It is a statement of fact that most of our MPs voted to remain in the EU in 2016. It is equally true that most of these Remainer MPs have not altered their position on this subject since then. And yet on Tuesday night, I am pleased to say, I had the feeling that voter anger in constituencies across the land made its impact felt on the series of parliamentary votes held to try to break the deadlock in Parliament.
Despite the defeat of the Cooper and Grieve amendments, and the passing of the Brady amendment, it would be premature for a Brexiteer to be too optimistic. A long road lies ahead. What Tuesday night proved, however, is that when the public roars, MPs ultimately have to listen.
The response to Mrs May’s plea to reopen the Withdrawal Agreement from our unelected masters Mr Juncker and Mr Barnier (or ‘Your Excellency’, as Mrs May calls them) has been predictably offensive.
But now that she has some parliamentary support to speak of, you would have thought she would be in a better position to seek a compromise from the other side. Sadly, it is clear that Brussels is not prepared to give her a hearing.
British MPs have shown Mrs May’s latest proposal would command parliamentary support. Personally, I have huge regrets about much of it, even if the Irish backstop is removed. But with the numbers now on her side, you would have thought that the wishes of our representatives might command some respect in the European district of Brussels. Not a bit of it.
Before the referendum, the UK public knew very little – perhaps nothing – about the European Commission and the people who have the sole right to initiate our laws in Brussels. But now, with the renegotiation, everything has changed. Both Leavers and, in fact, many Remainers I have spoken to are united in their fury at the arrogant, high-handed behavior of the EU and the manner in which Theresa May has been publicly demeaned.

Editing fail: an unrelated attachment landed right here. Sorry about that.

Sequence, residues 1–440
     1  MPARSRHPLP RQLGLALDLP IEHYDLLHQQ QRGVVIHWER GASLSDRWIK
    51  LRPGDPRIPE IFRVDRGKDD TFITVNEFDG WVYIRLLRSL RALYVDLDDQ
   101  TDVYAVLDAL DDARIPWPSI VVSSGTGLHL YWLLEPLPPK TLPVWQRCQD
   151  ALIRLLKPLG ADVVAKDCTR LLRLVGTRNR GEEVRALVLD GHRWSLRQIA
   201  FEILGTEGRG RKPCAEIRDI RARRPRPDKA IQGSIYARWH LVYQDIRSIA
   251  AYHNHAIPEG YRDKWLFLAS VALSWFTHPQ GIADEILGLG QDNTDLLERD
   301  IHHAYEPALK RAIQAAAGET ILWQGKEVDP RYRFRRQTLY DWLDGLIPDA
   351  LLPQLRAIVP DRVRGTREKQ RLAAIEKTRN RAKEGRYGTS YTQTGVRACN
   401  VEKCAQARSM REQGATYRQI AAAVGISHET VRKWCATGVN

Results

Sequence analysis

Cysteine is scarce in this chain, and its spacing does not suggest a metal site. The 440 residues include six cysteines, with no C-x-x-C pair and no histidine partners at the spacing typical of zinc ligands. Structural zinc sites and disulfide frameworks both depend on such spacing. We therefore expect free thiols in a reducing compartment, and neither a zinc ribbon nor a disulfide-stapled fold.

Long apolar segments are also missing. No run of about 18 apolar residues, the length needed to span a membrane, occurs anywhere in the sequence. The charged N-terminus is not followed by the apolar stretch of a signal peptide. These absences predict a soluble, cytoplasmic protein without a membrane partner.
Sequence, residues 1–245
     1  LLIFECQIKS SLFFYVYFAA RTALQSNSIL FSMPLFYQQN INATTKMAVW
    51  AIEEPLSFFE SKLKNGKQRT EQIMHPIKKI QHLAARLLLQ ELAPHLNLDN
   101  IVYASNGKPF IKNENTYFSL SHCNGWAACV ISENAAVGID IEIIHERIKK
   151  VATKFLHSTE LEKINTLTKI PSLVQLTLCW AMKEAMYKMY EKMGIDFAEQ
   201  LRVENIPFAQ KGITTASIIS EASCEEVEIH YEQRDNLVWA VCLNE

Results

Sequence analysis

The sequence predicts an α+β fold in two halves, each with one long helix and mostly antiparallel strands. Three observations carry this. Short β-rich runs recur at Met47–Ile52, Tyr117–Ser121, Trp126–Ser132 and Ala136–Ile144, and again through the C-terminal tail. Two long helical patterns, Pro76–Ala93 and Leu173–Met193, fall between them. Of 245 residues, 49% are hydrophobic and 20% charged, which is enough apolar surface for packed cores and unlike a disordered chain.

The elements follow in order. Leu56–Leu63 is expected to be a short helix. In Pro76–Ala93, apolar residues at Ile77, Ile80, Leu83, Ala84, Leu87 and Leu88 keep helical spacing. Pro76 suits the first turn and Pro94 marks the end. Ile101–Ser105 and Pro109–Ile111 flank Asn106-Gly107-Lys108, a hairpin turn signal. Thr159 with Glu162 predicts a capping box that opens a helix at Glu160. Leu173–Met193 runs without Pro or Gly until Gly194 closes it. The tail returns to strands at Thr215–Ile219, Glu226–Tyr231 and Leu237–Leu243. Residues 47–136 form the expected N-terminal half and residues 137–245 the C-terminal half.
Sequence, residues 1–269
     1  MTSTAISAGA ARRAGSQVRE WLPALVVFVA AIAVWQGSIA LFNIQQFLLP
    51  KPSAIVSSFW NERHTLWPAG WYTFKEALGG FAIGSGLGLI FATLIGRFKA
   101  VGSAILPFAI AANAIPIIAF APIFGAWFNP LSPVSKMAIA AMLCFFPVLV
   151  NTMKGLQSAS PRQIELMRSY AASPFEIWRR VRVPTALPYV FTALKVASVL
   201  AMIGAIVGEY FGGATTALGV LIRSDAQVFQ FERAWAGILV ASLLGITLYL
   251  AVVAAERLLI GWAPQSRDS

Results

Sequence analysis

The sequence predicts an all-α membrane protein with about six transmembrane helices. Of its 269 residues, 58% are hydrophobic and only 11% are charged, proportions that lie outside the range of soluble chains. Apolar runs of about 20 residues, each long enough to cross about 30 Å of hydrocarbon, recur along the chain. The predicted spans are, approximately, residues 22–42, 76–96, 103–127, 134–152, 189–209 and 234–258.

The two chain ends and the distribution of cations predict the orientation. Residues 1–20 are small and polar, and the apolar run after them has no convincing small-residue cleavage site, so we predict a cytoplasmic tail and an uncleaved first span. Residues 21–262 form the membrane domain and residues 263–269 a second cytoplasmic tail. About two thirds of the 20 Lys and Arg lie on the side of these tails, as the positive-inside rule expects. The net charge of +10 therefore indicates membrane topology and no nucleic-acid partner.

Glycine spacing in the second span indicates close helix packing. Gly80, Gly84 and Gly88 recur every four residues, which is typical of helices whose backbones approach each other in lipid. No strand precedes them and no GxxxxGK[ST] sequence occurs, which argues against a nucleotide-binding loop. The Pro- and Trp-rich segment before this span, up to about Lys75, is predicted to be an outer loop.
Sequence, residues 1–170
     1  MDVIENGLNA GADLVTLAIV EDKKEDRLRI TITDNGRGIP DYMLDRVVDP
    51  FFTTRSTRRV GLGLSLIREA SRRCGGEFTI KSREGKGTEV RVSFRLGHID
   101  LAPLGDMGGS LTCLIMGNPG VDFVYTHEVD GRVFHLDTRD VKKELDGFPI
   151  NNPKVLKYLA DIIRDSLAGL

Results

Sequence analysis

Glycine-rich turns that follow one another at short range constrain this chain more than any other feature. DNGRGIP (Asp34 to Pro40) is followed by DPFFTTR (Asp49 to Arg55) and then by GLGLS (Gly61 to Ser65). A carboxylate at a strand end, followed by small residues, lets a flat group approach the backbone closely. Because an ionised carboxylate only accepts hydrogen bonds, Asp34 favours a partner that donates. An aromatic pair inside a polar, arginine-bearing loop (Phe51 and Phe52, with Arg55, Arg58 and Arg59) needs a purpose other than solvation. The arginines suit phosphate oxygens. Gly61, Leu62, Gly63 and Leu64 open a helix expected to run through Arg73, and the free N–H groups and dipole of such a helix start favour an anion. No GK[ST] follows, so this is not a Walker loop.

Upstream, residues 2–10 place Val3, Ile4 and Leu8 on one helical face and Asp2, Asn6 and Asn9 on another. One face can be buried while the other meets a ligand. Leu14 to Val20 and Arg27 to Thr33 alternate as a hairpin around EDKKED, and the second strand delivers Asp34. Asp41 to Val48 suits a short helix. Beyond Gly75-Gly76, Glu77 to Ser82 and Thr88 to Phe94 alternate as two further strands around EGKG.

As I have made clear many times, I do not support Mrs May. She is our leader, however, and seeing her being ridiculed by foreign bureaucrats insults the British nation.
The intransigent response from the EU will entrench this negative feeling. I believe that if the EU’s doesn’t budge, the Tory truce of Tuesday will not last for long and any prospect of a withdrawal agreement being passed by the UK Parliament by the end of February will disappear.
I also think that public opinion will harden and that exiting on WTO terms will become an even more popular option.
As we saw on Tuesday night, particularly among Labour MPs nervous about alienating their constituents in Leave-voting seats, when public opinion manifests itself, the parliamentary numbers change.
I’ve always thought it highly unlikely that Mrs May would go down the WTO/no-deal route. But her continued humiliation at the hands of Juncker and Barnier may change the political weather. In a crisis like this one, what begins as the least likely option can end up becoming an unavoidable outcome.
If the British public get behind the idea that the UK must leave the European Union on March 29 at 11pm, as has been agreed, it may appear – even to Remain MPs – that no-deal becomes better than a backstop deal. Furthermore, it may become obvious that there is a possible way forward that could suit both sides.
With annual exports to the UK of over 100 million bottles of Prosecco from Italy alone, and a trade surplus running at approximately at 100 billion sterling every single year, a WTO deal with tariffs on both sides would, on the face of it, be a very bad deal for Brussels.
With the prospect of a big rise in the populist Eurosceptic vote coming up in the May elections, the last thing the European Commission would want is to face accusations it is acting in its own interests to the exclusion of EU citizens. Such a charge would only alienate voters further from the elites.
However, if both sides applied to the WTO under Article 24 of their charter, both would have a two-year breathing space during which there would be no tariff or quantitative restrictions on trade between European countries. Under this arrangement, the UK and the EU could find a grown-up solution, a way of working out our future relations together.
This would solve the Irish border issue and deliver as well as honour the UK referendum result. If the public give voice to it, who knows, it might even happen